All Stories Sec1

Akher Kalam: Lessons from Migration

Masters student Azza Osman shares her experience living, studying and working in Egypt as a Sudanese migrant.

Azza Osman is pursuing a Master of Arts in community psychology under the African Graduate Fellowship at AUC. She was an intern, working as a capacity building coordinator, at Syria Al Gad Relief Foundation, which supports Syrian refugees residing in Egypt. She is also interning with AUC’s John D. Gerhart Center for Philanthropy, Civic Engagement and Responsible Business. She received her bachelor’s in psychology from Ain Shams University. 

This story appeared in the Fall 2017 edition of AUCToday.

I was 7 months old and living in Sudan when my life shifted. My father needed to seek political asylum, so our family moved to Egypt. Because I was so young, I didn’t feel the impact of this move right away, but as I grew up, it was impossible to ignore the challenges of living in a culture different from that of my family. Looking back, I can see how much the process of melding with Egyptian culture, dealing with prejudices and misconceptions, and eventually coming to study at AUC would shape my passions and interests over the course of more than 20 years.

During my 24 years of residence in Cairo, my highest priority and most rewarding challenge has been concentrating on my studies while trying to adapt to Egyptian culture. Over time, these two priorities have come together. What I’ve experienced and noticed about how community and belonging affect us have influenced my desire for change in Sudan, Egypt and Africa.

Being an African migrant and a woman living in Egypt has not always been easy. I face a lot of society’s prejudices, misconceptions and discrimination. My dark skin, for example, invites a lot of judgment. This has made me a more resilient person and has pushed me to reach for more, not just in my own life, but for the lives of vulnerable communities everywhere.

I have a bachelor’s degree in psychology and am currently pursuing my master’s in community psychology because I want to use my academic knowledge and personal experience to support migrant and refugee communities in having equal access to opportunities and resources. I want them to be an empowered and developed community. I also want to help them discover and reach their full potential, regardless of the circumstances.

What I find extremely captivating about community psychology is that it goes beyond the individual and integrates social factors to promote positive change on many levels. Because it is based on scientific research, community psychology can offer tailored support to target populations through prevention, intervention and evaluation strategies that lead to their holistic empowerment, sustainability and development. It connects people to their communities and focuses on important issues that I believe Sudan and the African continent as a whole experience, including poverty, discrimination, inequality and lack of quality education.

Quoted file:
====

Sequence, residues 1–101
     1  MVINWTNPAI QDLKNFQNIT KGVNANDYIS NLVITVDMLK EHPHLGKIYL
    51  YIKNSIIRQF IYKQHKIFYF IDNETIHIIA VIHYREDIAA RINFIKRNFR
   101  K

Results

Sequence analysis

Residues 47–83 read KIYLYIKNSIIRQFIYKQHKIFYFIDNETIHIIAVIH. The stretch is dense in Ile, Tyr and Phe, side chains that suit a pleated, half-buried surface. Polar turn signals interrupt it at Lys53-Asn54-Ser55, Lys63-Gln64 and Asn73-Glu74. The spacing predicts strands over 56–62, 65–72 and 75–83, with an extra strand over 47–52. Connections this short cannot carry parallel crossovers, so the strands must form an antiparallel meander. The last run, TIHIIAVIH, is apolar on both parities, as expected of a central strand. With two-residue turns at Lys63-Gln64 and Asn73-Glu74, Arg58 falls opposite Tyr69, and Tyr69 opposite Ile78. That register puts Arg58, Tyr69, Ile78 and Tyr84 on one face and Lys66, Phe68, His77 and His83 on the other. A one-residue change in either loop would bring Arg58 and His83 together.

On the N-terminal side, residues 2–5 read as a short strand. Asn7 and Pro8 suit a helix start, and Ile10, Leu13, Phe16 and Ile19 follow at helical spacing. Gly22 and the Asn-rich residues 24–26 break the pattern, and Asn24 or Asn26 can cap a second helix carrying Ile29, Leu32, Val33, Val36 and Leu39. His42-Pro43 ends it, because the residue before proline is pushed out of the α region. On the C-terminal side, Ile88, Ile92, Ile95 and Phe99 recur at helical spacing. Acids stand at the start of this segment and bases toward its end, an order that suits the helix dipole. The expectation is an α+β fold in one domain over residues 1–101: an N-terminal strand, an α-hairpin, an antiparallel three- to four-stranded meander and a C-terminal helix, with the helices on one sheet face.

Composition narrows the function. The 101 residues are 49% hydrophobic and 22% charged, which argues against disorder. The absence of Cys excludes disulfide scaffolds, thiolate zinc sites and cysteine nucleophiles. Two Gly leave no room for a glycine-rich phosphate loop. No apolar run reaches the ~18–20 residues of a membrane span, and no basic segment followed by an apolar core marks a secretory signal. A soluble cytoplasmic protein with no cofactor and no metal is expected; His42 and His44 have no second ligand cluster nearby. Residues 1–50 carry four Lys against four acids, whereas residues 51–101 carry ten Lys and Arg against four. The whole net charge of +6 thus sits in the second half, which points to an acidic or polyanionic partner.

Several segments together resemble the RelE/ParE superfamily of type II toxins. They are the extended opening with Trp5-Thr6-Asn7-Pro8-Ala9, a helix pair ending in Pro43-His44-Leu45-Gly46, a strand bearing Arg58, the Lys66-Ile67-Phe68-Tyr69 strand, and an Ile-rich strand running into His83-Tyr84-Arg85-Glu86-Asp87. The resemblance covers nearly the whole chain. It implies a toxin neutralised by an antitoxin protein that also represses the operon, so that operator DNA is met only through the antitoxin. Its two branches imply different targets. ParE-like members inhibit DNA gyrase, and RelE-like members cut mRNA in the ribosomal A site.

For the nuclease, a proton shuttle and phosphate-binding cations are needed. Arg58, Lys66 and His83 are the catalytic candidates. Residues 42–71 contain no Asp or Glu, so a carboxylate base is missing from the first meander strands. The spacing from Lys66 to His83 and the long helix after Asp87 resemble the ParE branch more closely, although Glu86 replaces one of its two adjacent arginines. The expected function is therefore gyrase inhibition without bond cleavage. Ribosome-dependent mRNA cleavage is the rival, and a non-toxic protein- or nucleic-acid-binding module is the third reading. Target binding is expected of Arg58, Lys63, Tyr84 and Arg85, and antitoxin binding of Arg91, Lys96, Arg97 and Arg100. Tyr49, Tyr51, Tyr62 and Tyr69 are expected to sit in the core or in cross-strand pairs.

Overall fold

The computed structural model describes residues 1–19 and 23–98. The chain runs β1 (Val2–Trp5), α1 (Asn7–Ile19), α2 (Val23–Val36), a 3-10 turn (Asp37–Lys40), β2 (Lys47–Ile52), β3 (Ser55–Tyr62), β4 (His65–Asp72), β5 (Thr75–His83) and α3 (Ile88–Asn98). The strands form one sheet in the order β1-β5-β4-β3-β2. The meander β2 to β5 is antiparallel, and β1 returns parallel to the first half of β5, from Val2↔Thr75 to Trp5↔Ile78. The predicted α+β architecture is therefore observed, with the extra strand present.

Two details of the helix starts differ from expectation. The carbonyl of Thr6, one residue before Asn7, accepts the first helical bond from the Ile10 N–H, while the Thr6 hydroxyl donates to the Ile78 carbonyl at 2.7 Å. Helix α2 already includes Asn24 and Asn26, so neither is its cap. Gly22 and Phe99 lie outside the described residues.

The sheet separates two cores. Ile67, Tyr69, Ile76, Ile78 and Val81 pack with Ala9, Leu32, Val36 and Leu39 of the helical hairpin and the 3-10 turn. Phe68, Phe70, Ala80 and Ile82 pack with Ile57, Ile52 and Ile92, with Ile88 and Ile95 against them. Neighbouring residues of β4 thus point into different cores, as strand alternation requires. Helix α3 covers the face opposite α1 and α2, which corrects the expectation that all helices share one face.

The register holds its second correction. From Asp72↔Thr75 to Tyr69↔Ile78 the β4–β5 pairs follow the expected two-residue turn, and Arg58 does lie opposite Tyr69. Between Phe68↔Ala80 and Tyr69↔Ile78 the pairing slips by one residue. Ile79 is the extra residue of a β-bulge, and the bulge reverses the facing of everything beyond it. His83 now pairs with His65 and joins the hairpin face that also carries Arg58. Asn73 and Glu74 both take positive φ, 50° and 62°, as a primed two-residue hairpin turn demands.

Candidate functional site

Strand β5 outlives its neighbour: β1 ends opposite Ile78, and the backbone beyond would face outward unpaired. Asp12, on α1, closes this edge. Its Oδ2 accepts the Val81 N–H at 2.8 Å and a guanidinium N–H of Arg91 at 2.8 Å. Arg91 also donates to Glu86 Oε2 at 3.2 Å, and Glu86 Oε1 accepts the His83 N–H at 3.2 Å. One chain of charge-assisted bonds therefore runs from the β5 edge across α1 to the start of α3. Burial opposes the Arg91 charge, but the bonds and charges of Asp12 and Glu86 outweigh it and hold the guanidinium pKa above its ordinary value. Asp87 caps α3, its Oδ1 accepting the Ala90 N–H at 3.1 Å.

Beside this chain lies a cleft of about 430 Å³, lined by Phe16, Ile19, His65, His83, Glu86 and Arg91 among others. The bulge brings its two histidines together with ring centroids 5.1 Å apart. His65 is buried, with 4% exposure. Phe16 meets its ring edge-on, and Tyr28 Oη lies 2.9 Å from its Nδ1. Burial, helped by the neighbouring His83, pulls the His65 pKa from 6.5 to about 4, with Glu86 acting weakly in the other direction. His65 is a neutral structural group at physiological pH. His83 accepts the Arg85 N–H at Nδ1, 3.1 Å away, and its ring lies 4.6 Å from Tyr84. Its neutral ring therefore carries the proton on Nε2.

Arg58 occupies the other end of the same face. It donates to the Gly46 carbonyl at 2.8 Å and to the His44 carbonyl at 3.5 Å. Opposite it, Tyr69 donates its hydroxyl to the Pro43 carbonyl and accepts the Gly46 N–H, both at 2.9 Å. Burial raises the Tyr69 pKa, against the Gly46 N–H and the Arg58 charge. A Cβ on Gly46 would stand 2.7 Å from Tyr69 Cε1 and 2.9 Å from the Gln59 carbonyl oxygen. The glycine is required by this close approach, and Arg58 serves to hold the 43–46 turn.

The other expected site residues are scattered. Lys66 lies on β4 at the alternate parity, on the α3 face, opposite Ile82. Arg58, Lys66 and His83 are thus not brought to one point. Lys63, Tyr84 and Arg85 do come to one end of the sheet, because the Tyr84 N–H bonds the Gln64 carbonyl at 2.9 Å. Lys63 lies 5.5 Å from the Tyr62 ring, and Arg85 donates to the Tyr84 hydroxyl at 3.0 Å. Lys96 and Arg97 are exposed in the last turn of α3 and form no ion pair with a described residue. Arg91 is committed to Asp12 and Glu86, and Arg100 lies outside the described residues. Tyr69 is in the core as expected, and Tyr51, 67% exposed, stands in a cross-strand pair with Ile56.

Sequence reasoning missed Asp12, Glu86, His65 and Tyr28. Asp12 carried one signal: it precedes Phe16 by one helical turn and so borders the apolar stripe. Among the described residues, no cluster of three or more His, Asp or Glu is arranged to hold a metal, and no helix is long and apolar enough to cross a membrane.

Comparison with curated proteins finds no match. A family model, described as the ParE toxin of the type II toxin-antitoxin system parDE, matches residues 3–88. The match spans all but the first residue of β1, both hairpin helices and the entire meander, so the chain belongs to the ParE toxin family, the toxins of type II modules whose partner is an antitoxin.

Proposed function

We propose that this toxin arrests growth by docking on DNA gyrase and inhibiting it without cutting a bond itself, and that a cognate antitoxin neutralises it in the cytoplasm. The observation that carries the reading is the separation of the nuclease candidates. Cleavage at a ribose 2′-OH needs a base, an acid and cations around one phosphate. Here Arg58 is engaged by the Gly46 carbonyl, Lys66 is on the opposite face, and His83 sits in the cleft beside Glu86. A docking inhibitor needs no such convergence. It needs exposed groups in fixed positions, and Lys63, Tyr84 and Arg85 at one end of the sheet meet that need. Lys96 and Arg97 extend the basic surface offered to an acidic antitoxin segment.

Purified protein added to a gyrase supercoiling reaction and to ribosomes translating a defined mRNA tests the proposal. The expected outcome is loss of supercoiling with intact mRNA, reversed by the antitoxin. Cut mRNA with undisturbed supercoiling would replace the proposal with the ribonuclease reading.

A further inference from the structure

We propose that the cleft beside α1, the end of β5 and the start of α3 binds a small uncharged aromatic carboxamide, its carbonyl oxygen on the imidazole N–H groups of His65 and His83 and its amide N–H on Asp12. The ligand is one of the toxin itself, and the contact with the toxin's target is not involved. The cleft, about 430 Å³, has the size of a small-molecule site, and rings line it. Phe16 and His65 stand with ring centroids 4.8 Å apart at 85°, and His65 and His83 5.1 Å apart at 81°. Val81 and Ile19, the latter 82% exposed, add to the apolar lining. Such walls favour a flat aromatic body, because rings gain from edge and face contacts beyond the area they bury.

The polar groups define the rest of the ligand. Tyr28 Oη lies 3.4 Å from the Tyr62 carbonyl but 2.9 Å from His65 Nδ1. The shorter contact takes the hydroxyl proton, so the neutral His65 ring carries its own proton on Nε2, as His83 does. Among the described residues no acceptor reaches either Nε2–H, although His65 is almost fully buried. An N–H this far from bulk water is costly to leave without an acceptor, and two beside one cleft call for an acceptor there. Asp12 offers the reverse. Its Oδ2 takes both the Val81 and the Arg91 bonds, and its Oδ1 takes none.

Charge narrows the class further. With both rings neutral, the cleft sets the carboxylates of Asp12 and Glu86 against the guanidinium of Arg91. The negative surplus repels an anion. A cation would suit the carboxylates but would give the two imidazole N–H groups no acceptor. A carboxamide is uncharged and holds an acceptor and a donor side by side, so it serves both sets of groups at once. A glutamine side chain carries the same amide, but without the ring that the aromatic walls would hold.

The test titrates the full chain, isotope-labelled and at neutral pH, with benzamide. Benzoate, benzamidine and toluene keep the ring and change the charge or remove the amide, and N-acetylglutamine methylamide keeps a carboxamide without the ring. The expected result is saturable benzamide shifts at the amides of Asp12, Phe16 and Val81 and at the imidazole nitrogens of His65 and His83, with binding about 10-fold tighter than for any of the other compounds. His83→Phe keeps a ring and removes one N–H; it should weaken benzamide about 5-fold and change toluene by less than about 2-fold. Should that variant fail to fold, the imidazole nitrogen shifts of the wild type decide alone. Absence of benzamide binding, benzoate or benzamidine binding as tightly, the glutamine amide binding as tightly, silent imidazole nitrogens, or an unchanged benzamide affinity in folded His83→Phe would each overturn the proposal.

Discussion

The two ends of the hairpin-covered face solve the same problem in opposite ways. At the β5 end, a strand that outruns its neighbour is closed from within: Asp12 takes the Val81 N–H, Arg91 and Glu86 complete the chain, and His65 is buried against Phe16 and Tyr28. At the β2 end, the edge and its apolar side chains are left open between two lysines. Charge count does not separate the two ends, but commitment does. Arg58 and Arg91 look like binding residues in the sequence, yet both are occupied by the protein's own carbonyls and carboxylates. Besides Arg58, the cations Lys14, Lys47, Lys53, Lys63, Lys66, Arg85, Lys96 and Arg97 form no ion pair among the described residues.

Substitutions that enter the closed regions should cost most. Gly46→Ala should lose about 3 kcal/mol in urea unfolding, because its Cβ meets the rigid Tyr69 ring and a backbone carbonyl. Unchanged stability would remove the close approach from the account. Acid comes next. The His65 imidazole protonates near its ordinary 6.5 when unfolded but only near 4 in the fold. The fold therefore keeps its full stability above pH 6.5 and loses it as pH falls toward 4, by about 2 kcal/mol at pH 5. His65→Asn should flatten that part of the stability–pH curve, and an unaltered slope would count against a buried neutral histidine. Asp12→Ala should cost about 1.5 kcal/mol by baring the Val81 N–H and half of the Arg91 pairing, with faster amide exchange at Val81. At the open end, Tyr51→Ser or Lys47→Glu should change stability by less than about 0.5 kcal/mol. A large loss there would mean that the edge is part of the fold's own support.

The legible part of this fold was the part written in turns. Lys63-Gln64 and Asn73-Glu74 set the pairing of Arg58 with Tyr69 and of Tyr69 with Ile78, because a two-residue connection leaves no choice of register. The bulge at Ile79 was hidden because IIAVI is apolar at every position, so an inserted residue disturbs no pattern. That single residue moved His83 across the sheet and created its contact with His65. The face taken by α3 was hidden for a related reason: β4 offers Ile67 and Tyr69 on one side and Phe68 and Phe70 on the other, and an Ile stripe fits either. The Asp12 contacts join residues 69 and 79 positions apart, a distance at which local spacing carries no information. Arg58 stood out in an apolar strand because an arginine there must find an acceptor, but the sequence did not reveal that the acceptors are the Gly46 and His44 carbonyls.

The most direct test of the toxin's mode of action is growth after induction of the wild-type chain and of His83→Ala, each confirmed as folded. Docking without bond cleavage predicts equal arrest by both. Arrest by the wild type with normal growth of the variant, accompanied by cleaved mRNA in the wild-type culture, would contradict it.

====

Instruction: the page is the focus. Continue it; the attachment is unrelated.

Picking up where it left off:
AUC is one of the top universities in Africa and the Middle East. It is the only University in the region that offers a master’s degree in community psychology. The strength and competitive stature of the University’s program resonate with my desire to be part of an institution that actively changes the world for the better. I was fortunate enough to be awarded the African Graduate Fellowship, one of many opportunities at AUC that encourages students from different backgrounds to follow their dreams and further their education.

My entire experience at AUC has been eye-opening and positively challenging in many ways. Academically, the program has been everything I hoped it would be. The facilities and faculty mentors available in AUC’s Department of Psychology are unparalleled in Egypt. I get the opportunity to apply my studies through practical experiences and internships parallel to my courses — all leading to a hands-on experience that is efficient in developing my skills and knowledge. The principles and mission of the African Graduate Fellowship coincide directly with my aspirations and vision for change in Africa. My hope is that studying at AUC will equip me to provide the best possible services upon my return to Sudan. I am a firm believer in social responsibility. One of my ultimate dreams is to start a community-based organization in Sudan that would support and empower vulnerable groups with no regard to race, color or ethnicity.

I want to offer a safe space for members of a community to get together and receive support, skills and education, while sharing their own gifts, talents and knowledge.

When I look back at the ways being a migrant have shaped me — offering lessons in patience, empathy, resilience and determination — I am proud that I’ve navigated my education to reflect this experience. I am a culmination of communities: the larger community of two countries, that of my parents’ culture and surroundings, and the life I’ve discovered and created for myself here in Egypt. This has made me a strong, open-minded, tolerant and, above all, grateful person. I truly believe that I have been lucky to live and experience all of that and to appreciate things like being part of a connected, loving family. These rich experiences led me to where I am today and will continue to guide me to a place where I can give back.

0 comments on “Akher Kalam: Lessons from Migration

Leave a Reply

%d bloggers like this: